Sessions aide sought damaging info on Comey before his firing: report

Sessions aide sought damaging info on Comey before his firing: report
© Camille Fine

An aide to Attorney General Jeff SessionsJefferson (Jeff) Beauregard SessionsSanctuary city policies are a threat to decent people Trump attacks Sessions: A 'total disaster' and 'an embarrassment to the great state of Alabama' Ocasio-Cortez fires back at Washington Times after story on her 'high-dollar hairdo' MORE asked a Capitol Hill staffer if they had any damaging information about former FBI Director James ComeyJames Brien ComeyCNN's Jeffrey Toobin says he regrets role in playing up Clinton email story Federal prosecutors interviewed multiple FBI officials for Russia probe review: report State cites 38 people for violations in Clinton email review MORE just days before his firing, according to a new report.

The New York Times reports that in the days following Comey’s May testimony before the Senate Judiciary Committee, an aide to Sessions asked a congressional staff member whether they had information on Comey that could be damaging, reportedly in an attempt to undermine the then-FBI director.

A person with knowledge of the meeting told the newspaper that Sessions wanted to see a negative article about Comey in the press every day.

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The Justice Department disputed the account of the meeting in a statement to newspaper, saying it “did not happen and would not happen.”

The meeting reportedly occurred just days before President TrumpDonald John TrumpGraham to introduce resolution condemning House impeachment inquiry Support for impeachment inches up in poll Fox News's Bret Baier calls Trump's attacks on media 'a problem' MORE fired Comey in May.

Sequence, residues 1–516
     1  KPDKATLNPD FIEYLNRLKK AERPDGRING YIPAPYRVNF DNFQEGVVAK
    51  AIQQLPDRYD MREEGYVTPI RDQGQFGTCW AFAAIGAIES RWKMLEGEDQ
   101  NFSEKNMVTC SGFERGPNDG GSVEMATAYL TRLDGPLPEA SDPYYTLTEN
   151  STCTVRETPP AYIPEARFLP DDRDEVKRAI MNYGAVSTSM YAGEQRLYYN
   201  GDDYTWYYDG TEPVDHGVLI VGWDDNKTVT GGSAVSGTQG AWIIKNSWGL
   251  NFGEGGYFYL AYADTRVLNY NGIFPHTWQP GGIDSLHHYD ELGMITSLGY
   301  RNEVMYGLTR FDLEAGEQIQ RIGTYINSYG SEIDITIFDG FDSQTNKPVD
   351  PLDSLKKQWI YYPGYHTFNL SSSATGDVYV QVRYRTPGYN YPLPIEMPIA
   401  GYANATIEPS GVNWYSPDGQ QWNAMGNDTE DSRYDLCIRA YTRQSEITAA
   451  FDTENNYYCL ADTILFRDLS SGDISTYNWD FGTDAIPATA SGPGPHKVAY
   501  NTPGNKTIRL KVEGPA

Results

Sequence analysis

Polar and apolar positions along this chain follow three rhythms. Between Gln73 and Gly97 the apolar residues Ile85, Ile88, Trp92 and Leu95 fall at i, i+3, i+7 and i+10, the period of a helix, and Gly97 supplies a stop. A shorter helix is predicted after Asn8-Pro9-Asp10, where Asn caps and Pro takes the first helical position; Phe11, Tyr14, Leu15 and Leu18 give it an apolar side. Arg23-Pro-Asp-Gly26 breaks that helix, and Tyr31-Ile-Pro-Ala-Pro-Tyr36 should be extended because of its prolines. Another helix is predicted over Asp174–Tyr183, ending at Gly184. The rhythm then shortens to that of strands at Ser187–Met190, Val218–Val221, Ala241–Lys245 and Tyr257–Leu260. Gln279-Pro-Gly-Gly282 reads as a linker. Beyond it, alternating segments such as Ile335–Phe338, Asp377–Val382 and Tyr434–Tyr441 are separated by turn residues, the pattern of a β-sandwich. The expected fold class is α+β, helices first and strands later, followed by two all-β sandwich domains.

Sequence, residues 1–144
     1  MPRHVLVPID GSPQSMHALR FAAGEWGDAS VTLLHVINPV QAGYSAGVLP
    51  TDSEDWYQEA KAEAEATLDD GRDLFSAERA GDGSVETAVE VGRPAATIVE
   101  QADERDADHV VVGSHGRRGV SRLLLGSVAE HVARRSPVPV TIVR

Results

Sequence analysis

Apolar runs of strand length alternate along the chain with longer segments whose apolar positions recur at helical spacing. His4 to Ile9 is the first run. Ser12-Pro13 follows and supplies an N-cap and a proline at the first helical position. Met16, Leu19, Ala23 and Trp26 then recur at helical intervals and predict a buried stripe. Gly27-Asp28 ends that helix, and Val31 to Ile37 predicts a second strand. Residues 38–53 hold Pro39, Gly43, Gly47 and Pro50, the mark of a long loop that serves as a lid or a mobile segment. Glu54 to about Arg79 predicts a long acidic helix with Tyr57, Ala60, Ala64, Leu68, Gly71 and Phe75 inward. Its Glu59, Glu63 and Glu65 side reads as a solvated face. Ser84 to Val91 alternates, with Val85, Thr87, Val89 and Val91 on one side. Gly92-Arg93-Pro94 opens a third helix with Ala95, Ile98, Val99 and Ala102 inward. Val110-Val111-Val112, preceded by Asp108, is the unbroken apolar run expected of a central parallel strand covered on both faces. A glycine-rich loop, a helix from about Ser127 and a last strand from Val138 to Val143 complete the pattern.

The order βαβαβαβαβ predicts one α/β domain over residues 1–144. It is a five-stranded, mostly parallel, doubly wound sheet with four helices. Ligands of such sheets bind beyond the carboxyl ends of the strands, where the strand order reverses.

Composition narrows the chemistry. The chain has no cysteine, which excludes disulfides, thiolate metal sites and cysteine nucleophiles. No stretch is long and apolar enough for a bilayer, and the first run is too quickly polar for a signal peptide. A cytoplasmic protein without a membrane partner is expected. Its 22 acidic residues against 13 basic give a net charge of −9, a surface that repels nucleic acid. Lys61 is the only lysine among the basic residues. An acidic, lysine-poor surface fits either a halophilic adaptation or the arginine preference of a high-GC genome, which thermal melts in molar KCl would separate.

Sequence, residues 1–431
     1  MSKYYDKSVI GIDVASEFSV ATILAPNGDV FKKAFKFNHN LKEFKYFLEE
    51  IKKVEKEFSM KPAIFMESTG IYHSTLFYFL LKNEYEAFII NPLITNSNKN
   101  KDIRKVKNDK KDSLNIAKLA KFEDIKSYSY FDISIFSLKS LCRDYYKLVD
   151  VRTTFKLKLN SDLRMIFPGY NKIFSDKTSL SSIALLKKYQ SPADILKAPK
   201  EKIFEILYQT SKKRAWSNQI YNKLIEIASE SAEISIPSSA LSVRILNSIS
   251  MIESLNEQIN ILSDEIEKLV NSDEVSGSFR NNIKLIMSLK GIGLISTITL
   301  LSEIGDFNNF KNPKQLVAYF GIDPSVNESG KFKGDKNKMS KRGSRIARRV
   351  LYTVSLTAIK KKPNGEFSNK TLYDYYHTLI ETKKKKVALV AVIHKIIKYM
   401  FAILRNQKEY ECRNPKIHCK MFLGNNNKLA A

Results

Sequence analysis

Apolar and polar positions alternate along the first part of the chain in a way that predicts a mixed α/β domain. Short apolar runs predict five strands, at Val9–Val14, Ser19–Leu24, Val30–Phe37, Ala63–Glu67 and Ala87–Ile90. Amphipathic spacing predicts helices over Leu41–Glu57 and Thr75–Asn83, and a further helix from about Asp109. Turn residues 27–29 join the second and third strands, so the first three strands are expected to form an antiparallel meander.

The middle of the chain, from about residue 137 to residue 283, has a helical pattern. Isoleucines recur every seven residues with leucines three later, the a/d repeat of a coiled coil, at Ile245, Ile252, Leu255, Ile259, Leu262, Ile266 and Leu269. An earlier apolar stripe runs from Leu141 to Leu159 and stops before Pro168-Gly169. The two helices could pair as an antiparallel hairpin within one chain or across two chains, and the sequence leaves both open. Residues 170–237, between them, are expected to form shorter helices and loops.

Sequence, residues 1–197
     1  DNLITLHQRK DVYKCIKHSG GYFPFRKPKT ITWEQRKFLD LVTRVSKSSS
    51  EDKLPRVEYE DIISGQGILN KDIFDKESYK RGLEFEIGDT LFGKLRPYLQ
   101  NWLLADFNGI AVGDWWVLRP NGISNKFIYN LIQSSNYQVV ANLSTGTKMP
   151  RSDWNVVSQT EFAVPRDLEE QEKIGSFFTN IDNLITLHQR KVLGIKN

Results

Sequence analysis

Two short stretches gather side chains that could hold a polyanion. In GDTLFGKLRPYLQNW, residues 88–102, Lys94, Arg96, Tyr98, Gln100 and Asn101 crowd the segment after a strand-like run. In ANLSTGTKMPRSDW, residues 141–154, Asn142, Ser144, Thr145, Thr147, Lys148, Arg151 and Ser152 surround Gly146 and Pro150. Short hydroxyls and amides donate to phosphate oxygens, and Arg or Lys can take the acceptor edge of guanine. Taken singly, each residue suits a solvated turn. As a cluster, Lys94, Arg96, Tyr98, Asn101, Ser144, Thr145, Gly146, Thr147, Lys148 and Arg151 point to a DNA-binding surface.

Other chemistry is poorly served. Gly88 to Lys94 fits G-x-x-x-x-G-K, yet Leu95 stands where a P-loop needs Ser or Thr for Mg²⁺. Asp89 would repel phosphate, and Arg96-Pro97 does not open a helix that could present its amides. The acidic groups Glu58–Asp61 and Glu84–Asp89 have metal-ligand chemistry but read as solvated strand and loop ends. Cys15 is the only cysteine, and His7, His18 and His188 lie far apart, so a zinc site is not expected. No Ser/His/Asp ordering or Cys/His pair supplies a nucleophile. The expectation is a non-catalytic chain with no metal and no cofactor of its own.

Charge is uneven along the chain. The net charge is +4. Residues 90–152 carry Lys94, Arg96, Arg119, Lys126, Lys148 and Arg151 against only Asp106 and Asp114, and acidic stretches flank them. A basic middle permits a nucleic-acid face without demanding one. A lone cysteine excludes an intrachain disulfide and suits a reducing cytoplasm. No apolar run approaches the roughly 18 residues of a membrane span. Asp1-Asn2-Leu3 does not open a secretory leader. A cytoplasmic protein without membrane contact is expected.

The White House said Trump fired the FBI chief based on the recommendation of Sessions and Deputy Attorney General Rod RosensteinRod RosensteinTrump attacks Sessions: A 'total disaster' and 'an embarrassment to the great state of Alabama' Mueller rejoins DC law firm Lewandowski says Mueller report was 'very clear' in proving 'there was no obstruction,' despite having 'never' read it MORE, who wrote in a letter that he "cannot defend the Director's handling of the conclusion of the investigation of Secretary Clinton's emails, and I do not understand his refusal to accept the nearly universal judgment that he was mistaken."

However, Trump said during a later interview with NBC News that the investigation into his campaign's ties to Russia was on his mind when he fired the FBI director.

Trump reportedly intended to send a letter to Comey before his firing describing the Russia investigation as “fabricated and politically motivated,” according to The New York Times, but was stopped by aides.

The newspaper also reported Thursday that Trump ordered White House counsel Don McGahn to prevent Sessions from recusing himself from the investigation into Russian meddling in the 2016 election.

When McGahn failed, Trump was reportedly furious and told White House officials he needed Sessions to protect him.

Sessions’s recusal led to Rosenstein appointing special counsel Robert MuellerRobert (Bob) Swan MuellerFox News legal analyst says Trump call with Ukraine leader could be 'more serious' than what Mueller 'dragged up' Lewandowski says Mueller report was 'very clear' in proving 'there was no obstruction,' despite having 'never' read it Fox's Cavuto roasts Trump over criticism of network MORE to head the Russia probe.

Mueller’s probe has produced charges against four former Trump aides and officials, including former Trump campaign chairman Paul ManafortPaul John ManafortEx-Clinton lawyer predicts at least one count of obstruction of justice from Trump impeachment inquiry New York City lawmakers vote to close Rikers Island jail by 2026 Perry says Trump directed him to discuss Ukraine with Giuliani: report MORE and former national security adviser Michael Flynn.